Question: I wonder if I need to keep all my things organized in one volume or if I should partition my drive. What are the advantages of partitioning? Should I do it?
Answer: I am aware that partitions usually bring a debate, but I am confident enough to give you a resounding YES.
The way your Mac handles files is a bit messy. As data changes through daily use, photos, text files and other things get tangled up with your system files. Despite Mac OS X’s default defragmentation work, this is a problem for disk performance and, inevitably, system performance at large.
Partitions provide an answer if you use them to separate types of data. How to do it? Most people should be content with a startup partition to host their system and a partition for data. Power users can go further with a more complex organisation system, but they are not the ones I target with this article.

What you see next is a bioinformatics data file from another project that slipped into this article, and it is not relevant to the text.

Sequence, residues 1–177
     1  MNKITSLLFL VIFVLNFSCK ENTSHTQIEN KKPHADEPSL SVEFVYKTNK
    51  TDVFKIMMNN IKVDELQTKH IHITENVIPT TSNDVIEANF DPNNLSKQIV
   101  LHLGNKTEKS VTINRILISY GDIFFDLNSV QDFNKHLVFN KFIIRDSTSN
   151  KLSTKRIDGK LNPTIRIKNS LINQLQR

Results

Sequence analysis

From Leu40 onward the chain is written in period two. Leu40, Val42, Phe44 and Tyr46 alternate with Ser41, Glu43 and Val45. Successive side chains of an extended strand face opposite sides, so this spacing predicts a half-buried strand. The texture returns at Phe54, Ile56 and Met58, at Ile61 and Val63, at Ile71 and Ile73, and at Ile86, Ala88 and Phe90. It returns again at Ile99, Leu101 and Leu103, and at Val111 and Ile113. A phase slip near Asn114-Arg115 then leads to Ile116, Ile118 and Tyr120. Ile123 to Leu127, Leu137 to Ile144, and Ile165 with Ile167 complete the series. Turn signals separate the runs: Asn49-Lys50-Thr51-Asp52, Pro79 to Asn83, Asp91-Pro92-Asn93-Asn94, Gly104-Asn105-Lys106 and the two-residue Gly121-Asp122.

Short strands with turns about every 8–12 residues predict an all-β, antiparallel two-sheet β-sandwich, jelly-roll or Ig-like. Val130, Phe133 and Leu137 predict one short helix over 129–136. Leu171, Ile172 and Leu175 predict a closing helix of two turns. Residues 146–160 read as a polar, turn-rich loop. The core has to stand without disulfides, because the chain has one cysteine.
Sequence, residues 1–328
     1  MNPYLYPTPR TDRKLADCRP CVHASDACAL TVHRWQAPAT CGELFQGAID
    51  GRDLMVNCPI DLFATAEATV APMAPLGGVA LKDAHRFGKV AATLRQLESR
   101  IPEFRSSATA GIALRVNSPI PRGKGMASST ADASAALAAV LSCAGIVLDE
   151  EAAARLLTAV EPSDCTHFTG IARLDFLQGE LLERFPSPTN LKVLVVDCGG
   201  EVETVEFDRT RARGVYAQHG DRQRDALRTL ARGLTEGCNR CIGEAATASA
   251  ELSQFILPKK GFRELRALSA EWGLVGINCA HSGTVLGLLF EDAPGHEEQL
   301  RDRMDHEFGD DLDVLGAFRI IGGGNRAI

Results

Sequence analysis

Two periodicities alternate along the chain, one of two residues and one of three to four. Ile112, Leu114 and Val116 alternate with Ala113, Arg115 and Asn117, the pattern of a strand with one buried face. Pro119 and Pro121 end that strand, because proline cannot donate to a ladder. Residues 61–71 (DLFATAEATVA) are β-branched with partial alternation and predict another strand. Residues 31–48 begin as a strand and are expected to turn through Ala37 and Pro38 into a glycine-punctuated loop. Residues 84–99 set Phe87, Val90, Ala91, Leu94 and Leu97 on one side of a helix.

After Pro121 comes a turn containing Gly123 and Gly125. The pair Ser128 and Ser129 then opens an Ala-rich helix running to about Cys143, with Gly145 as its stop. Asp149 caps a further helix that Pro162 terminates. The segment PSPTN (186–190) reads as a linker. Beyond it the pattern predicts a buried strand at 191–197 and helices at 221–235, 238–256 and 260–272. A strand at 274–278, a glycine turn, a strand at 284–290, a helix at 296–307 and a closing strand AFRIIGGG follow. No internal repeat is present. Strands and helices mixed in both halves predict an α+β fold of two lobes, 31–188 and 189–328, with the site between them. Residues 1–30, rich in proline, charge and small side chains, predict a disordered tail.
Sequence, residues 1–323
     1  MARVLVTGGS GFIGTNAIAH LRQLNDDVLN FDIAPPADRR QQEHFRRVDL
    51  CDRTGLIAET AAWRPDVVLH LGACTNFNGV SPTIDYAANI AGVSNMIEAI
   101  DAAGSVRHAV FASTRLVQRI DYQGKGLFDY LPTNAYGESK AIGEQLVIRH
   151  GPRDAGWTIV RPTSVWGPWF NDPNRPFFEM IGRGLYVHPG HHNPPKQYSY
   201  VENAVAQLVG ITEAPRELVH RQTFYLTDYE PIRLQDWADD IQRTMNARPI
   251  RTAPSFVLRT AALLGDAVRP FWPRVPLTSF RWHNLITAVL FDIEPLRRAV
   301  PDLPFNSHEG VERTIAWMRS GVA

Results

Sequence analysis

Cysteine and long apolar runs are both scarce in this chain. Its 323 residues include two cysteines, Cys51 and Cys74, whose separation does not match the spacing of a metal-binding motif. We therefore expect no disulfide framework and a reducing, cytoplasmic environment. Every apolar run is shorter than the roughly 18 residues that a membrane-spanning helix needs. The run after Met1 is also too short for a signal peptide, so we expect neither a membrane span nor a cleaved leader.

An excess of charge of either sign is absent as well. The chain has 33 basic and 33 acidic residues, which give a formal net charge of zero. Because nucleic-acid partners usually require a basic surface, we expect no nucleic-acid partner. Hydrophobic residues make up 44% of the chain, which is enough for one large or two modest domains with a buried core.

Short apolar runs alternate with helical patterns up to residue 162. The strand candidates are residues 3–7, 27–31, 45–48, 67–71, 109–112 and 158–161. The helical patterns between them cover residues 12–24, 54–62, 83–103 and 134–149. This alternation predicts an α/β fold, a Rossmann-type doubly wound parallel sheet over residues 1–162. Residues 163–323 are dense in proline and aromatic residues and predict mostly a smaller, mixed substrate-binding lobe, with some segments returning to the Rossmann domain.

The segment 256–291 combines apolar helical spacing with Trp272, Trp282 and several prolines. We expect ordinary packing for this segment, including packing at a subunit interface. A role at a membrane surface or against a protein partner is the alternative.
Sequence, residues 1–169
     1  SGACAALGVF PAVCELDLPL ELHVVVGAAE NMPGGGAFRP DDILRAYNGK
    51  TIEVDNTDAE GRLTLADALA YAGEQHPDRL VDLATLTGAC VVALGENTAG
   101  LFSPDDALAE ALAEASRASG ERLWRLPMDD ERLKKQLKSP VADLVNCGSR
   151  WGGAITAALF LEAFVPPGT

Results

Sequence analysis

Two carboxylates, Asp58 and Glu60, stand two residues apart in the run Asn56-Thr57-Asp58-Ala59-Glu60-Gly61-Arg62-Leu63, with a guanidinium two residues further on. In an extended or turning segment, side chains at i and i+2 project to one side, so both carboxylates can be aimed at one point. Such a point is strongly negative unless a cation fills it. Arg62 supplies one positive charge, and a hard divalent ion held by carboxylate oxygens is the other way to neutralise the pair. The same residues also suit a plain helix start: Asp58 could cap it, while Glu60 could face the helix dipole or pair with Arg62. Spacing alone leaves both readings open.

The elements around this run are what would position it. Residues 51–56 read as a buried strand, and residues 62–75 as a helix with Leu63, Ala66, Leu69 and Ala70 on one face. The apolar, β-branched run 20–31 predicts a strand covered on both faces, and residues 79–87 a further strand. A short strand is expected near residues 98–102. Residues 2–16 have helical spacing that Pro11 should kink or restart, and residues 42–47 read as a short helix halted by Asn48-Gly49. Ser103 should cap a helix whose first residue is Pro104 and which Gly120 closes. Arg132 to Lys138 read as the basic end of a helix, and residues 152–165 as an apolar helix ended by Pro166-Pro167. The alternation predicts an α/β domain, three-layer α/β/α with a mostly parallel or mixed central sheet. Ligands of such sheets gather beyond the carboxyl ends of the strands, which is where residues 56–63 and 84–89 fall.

What you gain
The process takes a few hours but there are long-term gains associated with it.
The first is to minimize disk strain for daily use. Your system partition is the one that handles the harder work and it has the space to do it on its own. It doesn’t need to mess with your data anymore.
Secondly, this makes data backups and disk optimization simpler. This makes it more interesting to perform such operations more often, reducing your risk having an outdated backup to recover from a disk crash. Freelancers who need their Mac as a work tool make the biggest gain here.
Finally, there is a structure issue. A common data loss cause is related to file structures that get messed up. Separating your types of data helps keep cleaner structures, reducing your risk.